3. Why am I being asked to participate in NFLIS when I already participate in NFLIS-Drug?

If your laboratory conducts toxicology drug testing, DEA invites you to extend your NFLIS participation in the NFLIS-Tox component. DEA will use NFLIS-Drug as a road map for this next journey in the NFLIS expansion and hope that you will join us.

4. Who is eligible to participate in NFLIS?

NFLIS participants are either a drug chemistry laboratory (NFLIS-Drug), toxicology laboratory (NFLIS-Tox), medical examiner, or coroner’s office (NFLIS-MEC), or an organization that includes a combination of the three NFLIS components. To be an eligible drug chemistry laboratory, you must perform analyses on drugs seized by law enforcement officers in the United States. To be an eligible toxicology laboratory, you must perform drug toxicology testing (forensic or clinical toxicology, or both). To be an eligible medical examiner or coroner, you must perform at least one of the following duties: conduct investigations to determine a cause and manner of death; sign death certificates; or determine when autopsies should be done, even if your office sends the deceased to another location for an autopsy.

5. How do I become a NFLIS participant?

To become a NFLIS participant, e-mail DEANFLIS@rti.org and let us know that you are interested in becoming a part of the program. In your e-mail, state which NFLIS components your laboratory or office represents. If your laboratory or office uses a laboratory information management system (LIMS), please include the name of that system in your e mail.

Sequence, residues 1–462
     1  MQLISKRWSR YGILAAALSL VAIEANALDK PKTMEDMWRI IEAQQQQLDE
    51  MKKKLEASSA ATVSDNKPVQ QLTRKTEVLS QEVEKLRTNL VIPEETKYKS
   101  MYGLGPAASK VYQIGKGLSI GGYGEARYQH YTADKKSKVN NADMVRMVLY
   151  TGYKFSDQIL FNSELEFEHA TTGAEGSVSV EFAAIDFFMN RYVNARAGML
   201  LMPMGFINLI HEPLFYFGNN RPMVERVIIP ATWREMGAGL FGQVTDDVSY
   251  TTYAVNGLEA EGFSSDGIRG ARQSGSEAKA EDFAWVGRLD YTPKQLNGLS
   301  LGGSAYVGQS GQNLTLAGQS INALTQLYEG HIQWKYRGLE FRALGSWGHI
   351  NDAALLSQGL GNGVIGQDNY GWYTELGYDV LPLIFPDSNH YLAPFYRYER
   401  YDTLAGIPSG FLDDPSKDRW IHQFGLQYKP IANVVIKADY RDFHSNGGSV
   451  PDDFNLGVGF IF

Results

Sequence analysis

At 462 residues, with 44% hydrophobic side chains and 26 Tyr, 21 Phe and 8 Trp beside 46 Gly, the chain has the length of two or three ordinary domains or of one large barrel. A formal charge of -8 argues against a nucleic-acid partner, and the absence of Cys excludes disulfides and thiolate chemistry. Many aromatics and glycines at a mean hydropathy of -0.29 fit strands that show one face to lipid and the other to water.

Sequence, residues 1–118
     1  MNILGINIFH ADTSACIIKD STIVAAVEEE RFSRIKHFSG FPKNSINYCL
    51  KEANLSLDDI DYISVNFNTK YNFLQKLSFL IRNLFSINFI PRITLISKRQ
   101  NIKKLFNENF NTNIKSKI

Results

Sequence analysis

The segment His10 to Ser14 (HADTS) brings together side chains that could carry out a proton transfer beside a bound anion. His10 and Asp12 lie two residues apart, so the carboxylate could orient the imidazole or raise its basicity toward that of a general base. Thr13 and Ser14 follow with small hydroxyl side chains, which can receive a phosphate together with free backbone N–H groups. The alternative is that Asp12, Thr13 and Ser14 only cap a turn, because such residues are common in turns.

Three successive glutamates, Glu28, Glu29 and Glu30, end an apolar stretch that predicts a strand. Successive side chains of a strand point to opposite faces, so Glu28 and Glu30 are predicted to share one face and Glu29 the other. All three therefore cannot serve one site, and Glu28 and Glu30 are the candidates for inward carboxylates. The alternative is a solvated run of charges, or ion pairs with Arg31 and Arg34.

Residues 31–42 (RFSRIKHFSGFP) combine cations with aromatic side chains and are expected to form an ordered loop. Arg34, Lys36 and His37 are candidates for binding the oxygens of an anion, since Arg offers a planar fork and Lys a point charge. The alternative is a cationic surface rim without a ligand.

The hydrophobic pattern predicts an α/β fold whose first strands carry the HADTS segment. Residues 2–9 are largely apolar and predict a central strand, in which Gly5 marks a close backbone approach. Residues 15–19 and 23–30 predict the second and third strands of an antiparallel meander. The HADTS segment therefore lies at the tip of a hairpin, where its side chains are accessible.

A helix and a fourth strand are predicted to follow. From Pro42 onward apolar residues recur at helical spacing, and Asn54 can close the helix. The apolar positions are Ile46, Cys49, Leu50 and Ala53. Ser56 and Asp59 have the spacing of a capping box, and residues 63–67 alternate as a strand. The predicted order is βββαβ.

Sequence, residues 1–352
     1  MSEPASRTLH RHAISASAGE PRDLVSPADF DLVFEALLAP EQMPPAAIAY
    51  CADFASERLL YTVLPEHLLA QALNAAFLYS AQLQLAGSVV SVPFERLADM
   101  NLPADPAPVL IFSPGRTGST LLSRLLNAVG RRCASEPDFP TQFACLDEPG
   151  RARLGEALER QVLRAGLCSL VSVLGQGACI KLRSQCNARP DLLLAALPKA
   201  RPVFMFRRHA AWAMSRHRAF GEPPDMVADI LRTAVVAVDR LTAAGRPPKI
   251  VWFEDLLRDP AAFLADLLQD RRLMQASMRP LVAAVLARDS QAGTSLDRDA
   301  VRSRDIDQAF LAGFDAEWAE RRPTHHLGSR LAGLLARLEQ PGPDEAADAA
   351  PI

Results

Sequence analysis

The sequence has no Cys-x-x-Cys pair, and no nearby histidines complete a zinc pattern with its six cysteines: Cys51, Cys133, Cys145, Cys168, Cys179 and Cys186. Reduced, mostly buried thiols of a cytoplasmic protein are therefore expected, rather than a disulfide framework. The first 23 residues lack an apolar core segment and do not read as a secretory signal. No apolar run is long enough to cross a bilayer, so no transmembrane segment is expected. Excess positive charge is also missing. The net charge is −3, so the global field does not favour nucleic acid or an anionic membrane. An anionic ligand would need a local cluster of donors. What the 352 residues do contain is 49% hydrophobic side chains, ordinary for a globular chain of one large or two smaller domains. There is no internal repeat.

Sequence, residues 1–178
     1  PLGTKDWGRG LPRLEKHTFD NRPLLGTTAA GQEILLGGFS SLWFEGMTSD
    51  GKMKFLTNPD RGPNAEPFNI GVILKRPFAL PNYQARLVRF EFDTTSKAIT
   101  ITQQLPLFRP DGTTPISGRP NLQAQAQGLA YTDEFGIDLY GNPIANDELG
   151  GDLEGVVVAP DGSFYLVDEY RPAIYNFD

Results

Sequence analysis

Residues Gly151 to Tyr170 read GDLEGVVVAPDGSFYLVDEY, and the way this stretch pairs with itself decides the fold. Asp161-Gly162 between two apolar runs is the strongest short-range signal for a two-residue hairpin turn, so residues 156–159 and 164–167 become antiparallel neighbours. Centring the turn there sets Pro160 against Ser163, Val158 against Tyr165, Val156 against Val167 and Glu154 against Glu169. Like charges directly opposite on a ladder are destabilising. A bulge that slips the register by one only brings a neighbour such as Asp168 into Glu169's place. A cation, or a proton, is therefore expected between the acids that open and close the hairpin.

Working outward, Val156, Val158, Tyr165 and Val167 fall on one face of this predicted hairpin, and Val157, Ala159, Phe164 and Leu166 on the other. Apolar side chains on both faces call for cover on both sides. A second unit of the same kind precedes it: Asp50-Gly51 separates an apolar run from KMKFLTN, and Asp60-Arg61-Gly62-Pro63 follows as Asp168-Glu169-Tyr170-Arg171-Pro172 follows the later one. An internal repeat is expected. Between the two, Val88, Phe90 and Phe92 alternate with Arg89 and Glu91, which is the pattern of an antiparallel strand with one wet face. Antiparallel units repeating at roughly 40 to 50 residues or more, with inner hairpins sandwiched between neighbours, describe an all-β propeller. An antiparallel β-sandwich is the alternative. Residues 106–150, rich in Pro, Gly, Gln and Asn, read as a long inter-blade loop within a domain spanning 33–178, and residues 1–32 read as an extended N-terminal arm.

Once we receive your e-mail, a NFLIS staff member will respond to your e-mail and will provide a draft Memorandum of Understanding (MOU) that lists the data elements NFLIS would like to collect. When your organization and the DEA agree on the MOU language, both parties will sign the MOU. Once this is accomplished, a NFLIS staff member will assist your laboratory or office in preparing and sending a test data file to the DEA server to ensure that the reporting process will work properly for your laboratory or office. After the test file is accepted, NFLIS staff will then work with your laboratory or office to develop an automated reporting script for your LIMS or other reporting system to assist with reporting.

6. Why does DEA require a Memorandum of Understanding (MOU) for NFLIS participation?

A MOU is a nonbinding agreement between the DEA and a participating laboratory or office that outlines each party’s responsibilities. DEA’s intent is to fully inform those that choose to voluntarily participate in NFLIS about what the DEA will collect. Before DEA can begin accepting data from your laboratory or office, an MOU must be in place. Once the MOU is signed, NFLIS will work with your laboratory or office to assist with NFLIS reporting.